If you love knitting with wool and keeping children warm, Wool-Aid is the wool knitting charity for you
What would you do if the wool knitting charity you had supported for a long time disbanded?
This was the dilemma facing former Warm Woolies knitters in 2009. Many of them congregated in a Ravelry group devoted to the cause in 2008, and a sense of purpose and camaraderie permeated the group. The group swelled to include over 500 knitters.
Then came the announcement late in 2009, and the Ravelry group knitters were thrown. They knew the children supported by Warm Woolies were still in desperate need of warmth from the bitter cold of their residential climates.
Happily, rather than stew about their loss, these intrepid knitters took action! First, they decided to form a new wool knitting charity: Wool-Aid. Next, they produced a website along with a new Ravelry group, and they were off and running. Then they continued to knit and crochet for these chilly children to make them warm again.
As of this writing, the Wool-Aid Ravelry group has over 2,000 members!
How Wool-Aid Warms Children
The way Wool-Aid keeps children warm is right in the name: through the magic of wool.
But they also depend upon service organizations around the world. You can find some of these organizations in Afghanistan, Alaska, India, Kazakhstan, Mongolia, Nepal, Ontario, and Tibet. They’re also working in both Syria and Syrian refugee camps in Jordan and Lebanon.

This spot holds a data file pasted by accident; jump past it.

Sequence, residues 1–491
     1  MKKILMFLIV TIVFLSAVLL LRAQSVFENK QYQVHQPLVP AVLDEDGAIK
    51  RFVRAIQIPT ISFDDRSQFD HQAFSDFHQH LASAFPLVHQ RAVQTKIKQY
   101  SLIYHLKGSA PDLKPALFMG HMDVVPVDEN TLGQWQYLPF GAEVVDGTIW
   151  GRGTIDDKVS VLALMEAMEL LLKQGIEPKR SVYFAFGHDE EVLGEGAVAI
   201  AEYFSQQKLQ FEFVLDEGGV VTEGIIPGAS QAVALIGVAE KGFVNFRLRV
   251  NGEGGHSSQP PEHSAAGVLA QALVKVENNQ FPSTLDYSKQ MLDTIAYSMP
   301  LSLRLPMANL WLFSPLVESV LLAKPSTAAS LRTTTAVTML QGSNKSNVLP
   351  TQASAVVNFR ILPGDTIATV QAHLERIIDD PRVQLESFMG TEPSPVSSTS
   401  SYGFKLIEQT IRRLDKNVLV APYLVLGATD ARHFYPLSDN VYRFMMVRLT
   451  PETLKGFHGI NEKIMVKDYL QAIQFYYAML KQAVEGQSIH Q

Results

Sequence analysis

Wool-Aid prides itself on its flexibility; it is dedicated to finding the areas of greatest need and providing donations for those areas. It also prides itself on selecting service organizations where the first priority is providing the most help to children.
They do not donate to any organization that discriminates based on race, creed, or nationality.
How You Can Help This Wool Knitting Charity
This is the perfect charity for you if you prefer to knit with wool! Unlike many knitting charities, Wool-Aid insists upon at least 80% wool content for the items they accept.
Other fibers from hoofed animals – cashmere, mohair, and alpaca, for instance — are also acceptable. However, they do request you not use more than 50% alpaca because it does not have the elasticity nor the lanolin of wool.
(You can use alpaca as an add-in fiber, though — it helps make garments very warm.)
Most Wool-Aid efforts focus on older children and teenagers, though they accept infant and toddler items as well.
If you would like to help knit clothing and other items for children for Wool-Aid, be sure to first visit the Wool-Aid website. Here you will find guidelines for items accepted, patterns you can use, and what items are most needed.
If you’re on Ravelry, their Ravelry group will not only offer the same information as the website, but it will also provide a wonderful community via their discussion board.
So what do you do when your favorite wool knitting charity closes its doors? If you’re the knitters of Wool-Aid, you build a new set of doors and open them.
And when you knit for Wool-Aid, you can rest assured that you are creating something very valuable. Your knitting can help our world’s least powerful and most vulnerable citizens enjoy a better life and future.